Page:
Most people remember Hedda as a gossip columnist and Hollywood reporter. She didn't begin her column, "Hedda Hopper's Hollywood" until 1938. Her first appearance on film was in a 1916 movie called The Battle of Hearts.
In 1917 she was in Seven Keys to Baldpate starring George M. Cohan (1878 - 1942). It would be a shame to feature Cohan, one of America's greatest song writers and performers in a silent film, but he made three of them. And only two talkies. I guess that was the technology at the time, and I am too young to remember vaudeville.
|Hedda Hopper in the 1920s|
In the silent era, she worked with Mae Marsh, Norma Talmadge, and Billie Burke. In 1922 she was in Sherlock Holmes with John Barrymore as Holmes and Roland Young as Watson.
I love a good silent film as much as most of you do, but when you look through the list of silents that Hopper was in, you realize that there were many, many silent films that are probably best as lost films. She made three films with Conrad Nagel (1897 - 1970), and four with John Gilbert (1887 - 1936) including three of his talkies. But the vast majority of her early films were with stars that will never be featured in film festivals.
And then, in 1927, Hedda has a small part in Wings, the very first film to win the Academy Award for Best Picture, Production. She was uncredited. By the way, that was the only silent film to win that Oscar, until The Artist in 2011.
Hopper's first talkie was The Last of Mrs. Cheyney (1929) starring Norma Shearer (1902 - 1983) and Basil Rathbone (1892 - 1967). She would make four films with Shearer, plus a cinematic fundraiser short called The Stolen Jools (1931), which also featured Laurel and Hardy and many other stars.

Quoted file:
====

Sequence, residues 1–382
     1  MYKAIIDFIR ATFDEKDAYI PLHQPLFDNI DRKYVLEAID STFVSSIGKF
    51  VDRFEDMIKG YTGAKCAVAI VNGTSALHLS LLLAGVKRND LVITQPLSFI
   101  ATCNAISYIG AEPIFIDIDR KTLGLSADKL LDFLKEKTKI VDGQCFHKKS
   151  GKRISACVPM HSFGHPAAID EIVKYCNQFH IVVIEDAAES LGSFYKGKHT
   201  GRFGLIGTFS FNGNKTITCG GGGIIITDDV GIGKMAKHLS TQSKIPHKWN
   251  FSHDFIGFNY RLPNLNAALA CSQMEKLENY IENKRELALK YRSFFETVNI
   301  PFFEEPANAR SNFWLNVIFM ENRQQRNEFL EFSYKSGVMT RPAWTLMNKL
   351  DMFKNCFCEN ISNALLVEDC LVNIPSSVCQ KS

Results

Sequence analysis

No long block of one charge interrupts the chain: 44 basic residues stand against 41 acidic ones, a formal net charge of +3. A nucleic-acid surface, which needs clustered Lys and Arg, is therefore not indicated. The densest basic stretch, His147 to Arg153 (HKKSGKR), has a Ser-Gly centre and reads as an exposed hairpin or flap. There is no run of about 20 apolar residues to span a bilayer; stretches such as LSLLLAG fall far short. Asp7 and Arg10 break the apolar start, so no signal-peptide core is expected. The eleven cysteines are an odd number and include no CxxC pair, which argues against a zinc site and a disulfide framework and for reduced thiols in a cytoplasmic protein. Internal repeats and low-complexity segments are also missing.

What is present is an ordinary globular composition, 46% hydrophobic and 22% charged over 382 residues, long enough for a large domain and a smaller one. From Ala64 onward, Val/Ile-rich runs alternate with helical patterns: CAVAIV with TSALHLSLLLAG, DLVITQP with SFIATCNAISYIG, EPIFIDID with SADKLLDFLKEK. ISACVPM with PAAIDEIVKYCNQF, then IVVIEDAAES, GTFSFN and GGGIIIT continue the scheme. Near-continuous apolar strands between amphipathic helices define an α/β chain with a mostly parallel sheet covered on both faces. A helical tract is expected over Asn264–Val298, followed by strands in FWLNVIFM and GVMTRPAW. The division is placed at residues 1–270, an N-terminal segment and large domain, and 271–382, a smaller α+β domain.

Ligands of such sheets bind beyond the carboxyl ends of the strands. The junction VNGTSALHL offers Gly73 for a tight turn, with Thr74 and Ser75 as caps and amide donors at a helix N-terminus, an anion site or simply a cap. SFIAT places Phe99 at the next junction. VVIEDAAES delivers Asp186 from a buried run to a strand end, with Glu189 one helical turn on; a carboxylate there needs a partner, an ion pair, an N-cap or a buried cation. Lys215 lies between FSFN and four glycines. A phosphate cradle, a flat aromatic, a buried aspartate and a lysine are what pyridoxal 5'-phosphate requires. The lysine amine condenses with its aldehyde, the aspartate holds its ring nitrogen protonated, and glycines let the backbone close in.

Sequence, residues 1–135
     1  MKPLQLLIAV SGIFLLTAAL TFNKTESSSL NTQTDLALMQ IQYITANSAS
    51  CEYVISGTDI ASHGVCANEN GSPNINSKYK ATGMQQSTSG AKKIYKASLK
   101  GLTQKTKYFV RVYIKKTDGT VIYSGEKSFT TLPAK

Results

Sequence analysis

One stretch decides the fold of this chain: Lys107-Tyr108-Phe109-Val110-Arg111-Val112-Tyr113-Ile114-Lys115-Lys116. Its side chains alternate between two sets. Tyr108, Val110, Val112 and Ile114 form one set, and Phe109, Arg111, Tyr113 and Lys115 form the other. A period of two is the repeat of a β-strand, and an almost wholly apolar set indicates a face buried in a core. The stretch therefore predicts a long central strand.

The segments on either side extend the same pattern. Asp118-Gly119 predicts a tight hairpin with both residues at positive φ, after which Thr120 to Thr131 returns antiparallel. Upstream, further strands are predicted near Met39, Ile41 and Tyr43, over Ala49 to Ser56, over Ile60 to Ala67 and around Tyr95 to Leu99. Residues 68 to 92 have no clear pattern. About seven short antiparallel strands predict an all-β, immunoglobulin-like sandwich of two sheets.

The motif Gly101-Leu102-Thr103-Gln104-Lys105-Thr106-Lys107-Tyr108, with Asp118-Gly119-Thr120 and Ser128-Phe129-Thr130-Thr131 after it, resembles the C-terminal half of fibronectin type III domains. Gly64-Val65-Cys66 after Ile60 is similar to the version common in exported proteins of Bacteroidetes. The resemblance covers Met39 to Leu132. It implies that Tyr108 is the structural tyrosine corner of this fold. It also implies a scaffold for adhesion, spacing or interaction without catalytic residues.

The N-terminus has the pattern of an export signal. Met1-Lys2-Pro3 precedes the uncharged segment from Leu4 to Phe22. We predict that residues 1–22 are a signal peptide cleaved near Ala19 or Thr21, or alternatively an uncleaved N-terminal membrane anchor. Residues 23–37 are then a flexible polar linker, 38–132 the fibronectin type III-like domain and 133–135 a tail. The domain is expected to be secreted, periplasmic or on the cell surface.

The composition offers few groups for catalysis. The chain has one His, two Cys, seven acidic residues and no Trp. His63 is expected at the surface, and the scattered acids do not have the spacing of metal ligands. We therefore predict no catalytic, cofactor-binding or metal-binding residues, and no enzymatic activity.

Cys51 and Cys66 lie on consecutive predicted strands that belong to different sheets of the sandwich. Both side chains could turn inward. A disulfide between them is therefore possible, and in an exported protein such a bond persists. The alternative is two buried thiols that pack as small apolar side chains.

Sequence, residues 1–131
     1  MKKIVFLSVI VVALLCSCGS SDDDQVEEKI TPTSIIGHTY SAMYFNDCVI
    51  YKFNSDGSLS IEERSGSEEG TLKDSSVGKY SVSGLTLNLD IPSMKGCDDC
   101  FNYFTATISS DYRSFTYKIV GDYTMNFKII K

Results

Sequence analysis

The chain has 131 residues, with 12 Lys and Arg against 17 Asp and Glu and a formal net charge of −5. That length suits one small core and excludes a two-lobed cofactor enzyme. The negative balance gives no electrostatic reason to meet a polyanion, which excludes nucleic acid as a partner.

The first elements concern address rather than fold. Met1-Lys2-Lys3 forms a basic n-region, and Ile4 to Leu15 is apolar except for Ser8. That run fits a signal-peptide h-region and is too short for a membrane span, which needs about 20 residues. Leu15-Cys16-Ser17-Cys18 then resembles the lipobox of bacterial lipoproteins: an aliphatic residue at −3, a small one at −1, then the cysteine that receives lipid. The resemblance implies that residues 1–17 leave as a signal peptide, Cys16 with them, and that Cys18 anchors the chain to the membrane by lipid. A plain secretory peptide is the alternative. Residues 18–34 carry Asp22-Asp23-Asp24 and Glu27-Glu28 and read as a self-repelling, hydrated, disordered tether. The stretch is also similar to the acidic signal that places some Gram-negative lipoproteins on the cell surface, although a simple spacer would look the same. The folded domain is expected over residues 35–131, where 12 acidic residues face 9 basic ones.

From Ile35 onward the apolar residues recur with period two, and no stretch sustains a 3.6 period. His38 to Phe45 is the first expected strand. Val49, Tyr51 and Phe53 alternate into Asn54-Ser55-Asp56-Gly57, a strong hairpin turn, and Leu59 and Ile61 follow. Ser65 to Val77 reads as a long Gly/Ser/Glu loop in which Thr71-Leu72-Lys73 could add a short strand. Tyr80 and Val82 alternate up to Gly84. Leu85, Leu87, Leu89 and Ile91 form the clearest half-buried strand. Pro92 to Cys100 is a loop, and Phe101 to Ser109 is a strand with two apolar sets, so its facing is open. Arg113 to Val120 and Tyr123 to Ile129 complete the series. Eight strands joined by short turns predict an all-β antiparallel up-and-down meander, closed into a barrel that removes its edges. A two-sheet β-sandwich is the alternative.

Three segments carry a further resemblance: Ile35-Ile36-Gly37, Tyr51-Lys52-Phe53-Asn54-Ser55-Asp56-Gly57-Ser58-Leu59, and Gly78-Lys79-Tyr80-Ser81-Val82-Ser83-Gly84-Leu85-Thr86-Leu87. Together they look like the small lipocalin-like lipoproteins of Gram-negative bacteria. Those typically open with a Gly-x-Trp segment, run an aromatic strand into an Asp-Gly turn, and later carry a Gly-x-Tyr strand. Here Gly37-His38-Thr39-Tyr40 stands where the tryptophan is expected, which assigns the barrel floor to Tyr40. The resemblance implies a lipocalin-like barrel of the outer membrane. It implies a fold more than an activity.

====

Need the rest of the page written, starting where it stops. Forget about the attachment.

Now that we have put silent films behind us, a look at Hopper's talkie career isn't much better. Highlights include working with Bette Davis in The Man Who Played God (1932); with Katharine Hepburn in Alice Adams (1935); and she was in Topper (1937) again with Roland Young and Billie Burke, not to mention Cary Grant.
|Hedda Hopper in the 1950s|
Another very good film was The Women (1939) with an all female cast including Norma Shearer and Joan Crawford. She also made two films with Jackie Cooper (1922 - 2011), What a Life (1939) and Life With Henry (1941).
By this time she was well into writing her column, and she was being recognized as a writer rather than an actress. It was time to start drawing on her popularity, so she started portraying herself in films. She made a series of Hedda Hopper's Hollywood documentaries in the 1940s, but also look for her as herself in -
The Corpse Came C.O.D. (1947)
Sunset Blvd. (1950)
The Patsy (1964)
The Oscar (1966), which was her final appearance in film.
Of course Hedda Hopper also appeared on many television shows, and that is where I remember her. She was always outspoken, and her feuds with Louella Parsons (1881 - 1972), Spencer Tracy and Joseph Cotten are well documented. But let's not forget her start as a Bit Actor.